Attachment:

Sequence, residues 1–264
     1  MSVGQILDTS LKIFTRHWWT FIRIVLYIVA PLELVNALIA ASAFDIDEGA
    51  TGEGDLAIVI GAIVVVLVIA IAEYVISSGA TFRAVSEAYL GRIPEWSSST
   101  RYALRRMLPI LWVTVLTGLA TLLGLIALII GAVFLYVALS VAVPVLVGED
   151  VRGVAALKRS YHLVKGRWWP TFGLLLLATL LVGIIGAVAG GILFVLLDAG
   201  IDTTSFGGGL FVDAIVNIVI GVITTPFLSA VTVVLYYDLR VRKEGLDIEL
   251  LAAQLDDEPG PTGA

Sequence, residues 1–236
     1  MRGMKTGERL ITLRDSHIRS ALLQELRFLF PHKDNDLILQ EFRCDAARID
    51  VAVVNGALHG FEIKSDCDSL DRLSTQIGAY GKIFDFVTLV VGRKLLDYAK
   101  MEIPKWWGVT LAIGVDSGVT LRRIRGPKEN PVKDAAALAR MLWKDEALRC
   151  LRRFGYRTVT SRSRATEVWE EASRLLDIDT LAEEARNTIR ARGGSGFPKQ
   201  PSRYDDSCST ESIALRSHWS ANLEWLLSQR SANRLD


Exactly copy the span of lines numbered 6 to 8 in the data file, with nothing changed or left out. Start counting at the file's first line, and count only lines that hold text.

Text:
   201  IDTTSFGGGL FVDAIVNIVI GVITTPFLSA VTVVLYYDLR VRKEGLDIEL
   251  LAAQLDDEPG PTGA

Sequence, residues 1–236